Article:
In the past, they erred over and over again. Instead of repentance, they offered vain sacrifices. God took no pleasure in that (I Samuel 15:22). As Christians, those written to and in Hebrew letter and we too ought to be greatly interested in what pleases our Creator (Colossians 1:10 and Revelation 4:11). In times past, the sacrifices and the people offering them were not acceptable to God.

The law in which sacrifices were being made was flawed. The people offering the sacrifices were flawed. The sacrifices themselves were flawed. Under that system no one could have their sins taken away. The law needed to change. The system needed changed. The sacrifice and the priesthood had to change. We have covered all of that in this letter so far (Hebrews 7:11-9:28).

Jesus understood that the Father had prepared for Him a physical, fleshly body. We have also studied that, to a point, in this epistle (Hebrews 2:9-18). To the saints in Philippi, Paul and Timothy wrote the following through inspiration:
“Look not every man on his own things, but every man also on the things of others.  Let this mind be in you, which was also in Christ Jesus: Who, being in the form of God, thought it not robbery to be equal with God: But made himself of no reputation, and took upon him the form of a servant, and was made in the likeness of men: And being found in fashion as a man, he humbled himself, and became obedient unto death, even the death of the cross” (Philippians 2:4-8).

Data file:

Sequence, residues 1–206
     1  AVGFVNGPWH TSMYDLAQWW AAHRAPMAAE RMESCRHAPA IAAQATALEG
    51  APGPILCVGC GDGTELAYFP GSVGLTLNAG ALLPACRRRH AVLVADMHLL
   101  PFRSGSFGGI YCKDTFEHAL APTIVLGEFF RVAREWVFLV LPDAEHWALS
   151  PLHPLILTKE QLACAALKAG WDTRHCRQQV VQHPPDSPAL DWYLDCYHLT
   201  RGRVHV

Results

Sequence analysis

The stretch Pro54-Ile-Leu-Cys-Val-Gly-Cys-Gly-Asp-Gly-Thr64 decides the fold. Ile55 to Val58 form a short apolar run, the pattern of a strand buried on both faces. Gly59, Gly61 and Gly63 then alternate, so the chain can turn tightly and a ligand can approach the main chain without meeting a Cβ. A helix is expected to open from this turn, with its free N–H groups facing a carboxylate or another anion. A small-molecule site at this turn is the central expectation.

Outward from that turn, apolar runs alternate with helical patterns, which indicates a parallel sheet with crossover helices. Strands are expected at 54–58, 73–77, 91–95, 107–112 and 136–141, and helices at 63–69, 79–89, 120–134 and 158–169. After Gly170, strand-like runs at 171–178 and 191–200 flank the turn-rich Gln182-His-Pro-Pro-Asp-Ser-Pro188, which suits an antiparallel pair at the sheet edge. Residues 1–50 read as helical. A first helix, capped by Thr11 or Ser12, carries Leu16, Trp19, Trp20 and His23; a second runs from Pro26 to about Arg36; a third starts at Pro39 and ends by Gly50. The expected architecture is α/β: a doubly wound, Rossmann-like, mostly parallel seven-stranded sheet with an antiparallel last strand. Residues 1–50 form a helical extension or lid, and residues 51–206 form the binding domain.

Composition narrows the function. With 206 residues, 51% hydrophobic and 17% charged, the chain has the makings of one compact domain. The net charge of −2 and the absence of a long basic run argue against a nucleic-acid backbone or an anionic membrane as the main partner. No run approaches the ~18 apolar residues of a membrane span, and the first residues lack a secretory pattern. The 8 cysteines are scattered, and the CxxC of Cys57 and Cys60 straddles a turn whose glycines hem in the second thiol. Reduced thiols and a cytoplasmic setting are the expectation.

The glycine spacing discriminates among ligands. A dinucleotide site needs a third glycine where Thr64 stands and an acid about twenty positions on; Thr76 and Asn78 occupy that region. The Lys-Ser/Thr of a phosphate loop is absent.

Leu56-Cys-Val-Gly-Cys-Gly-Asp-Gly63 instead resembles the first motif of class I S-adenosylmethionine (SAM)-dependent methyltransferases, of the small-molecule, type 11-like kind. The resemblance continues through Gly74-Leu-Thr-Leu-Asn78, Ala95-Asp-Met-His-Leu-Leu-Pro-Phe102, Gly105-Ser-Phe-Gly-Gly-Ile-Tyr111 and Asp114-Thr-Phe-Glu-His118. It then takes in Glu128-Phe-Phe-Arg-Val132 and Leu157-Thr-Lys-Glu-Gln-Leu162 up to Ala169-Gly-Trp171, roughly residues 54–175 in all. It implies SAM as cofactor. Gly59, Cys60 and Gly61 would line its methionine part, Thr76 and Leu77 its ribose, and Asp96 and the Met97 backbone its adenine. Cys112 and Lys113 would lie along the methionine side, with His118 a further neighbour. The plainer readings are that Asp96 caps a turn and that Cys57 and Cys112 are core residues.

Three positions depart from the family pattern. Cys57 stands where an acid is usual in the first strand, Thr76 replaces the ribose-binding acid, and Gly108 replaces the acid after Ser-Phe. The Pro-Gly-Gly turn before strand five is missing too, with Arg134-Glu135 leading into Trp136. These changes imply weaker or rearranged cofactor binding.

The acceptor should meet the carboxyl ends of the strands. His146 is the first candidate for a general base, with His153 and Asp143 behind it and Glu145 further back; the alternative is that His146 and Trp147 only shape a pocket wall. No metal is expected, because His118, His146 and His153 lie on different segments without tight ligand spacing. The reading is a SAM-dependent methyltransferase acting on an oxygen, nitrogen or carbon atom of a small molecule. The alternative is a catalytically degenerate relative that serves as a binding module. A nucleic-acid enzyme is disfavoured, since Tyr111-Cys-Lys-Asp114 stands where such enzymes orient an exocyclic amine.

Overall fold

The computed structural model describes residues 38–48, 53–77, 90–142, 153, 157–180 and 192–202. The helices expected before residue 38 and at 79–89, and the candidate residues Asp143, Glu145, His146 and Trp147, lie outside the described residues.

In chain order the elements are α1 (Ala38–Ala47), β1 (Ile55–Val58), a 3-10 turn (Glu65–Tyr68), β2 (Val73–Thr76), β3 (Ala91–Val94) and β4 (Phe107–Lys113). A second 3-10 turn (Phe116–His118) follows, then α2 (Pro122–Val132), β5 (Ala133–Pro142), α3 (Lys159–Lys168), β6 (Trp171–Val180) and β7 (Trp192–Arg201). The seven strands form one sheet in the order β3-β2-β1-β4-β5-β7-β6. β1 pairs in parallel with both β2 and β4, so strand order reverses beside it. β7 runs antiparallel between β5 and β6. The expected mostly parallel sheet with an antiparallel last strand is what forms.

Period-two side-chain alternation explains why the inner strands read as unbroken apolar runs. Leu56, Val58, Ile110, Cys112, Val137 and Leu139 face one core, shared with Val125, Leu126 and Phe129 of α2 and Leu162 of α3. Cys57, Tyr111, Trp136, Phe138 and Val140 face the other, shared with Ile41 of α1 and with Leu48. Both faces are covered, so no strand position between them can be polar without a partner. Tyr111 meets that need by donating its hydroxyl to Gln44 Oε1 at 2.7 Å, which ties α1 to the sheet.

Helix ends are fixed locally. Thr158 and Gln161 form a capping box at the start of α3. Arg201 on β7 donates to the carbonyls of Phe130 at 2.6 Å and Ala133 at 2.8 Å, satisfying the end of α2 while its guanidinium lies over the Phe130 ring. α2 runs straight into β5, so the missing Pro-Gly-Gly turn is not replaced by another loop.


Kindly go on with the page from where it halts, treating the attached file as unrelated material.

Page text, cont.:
Jesus not only understood His role, but was willingly obedient to the will of our Father in Heaven (John 4:34 and John 6:38). He finished the work the Father gave Him to do (John 17:4). In fact, we covered earlier in the Hebrew epistle how Jesus learned obedience by the things which He suffered (Hebrews 5:8-9).

The benefit of Jesus’ obedience is not to the Father or to Jesus. Those whom have sinned and have needed salvation are the beneficiaries of what Jesus did. Through Christ, we can be saved (Acts 15:11). The “we” in the context of our study is more than I will have space to cover. To keep it simple, those who are sanctified through the offering of the body of Christ are those whom have done their part to be beneficiaries of Jesus’ death. Thus, the “we” are those of us whom have and continue to obey the various requirements to be saved and continue in that state (Luke 8:4-15, Luke 9:57-62, Luke 13:1-5, Luke 14:25-33, Acts 2:36-47, Acts 3:19, Acts 8:25-39, Acts 18:8, Romans 6:1-23, Galatians 3:26-29, Colossians 1:23, Titus 2:11-14, etc.).

Most will not come to our Lord and obey Him to be saved (Matthew 7:13-23 and Luke 13:23-24). Yet, Jesus died so it is possible for all the lost to be saved (I John 2:1-2). That is why the Gospel was to be preached to the whole world (Matthew 28:16-20 and Mark 16:14-20). There will not be some other plan or way. Jesus is the way to the Father (John 14:6). Thus, He is the once-for-all sacrifice. Thanks be to God for that!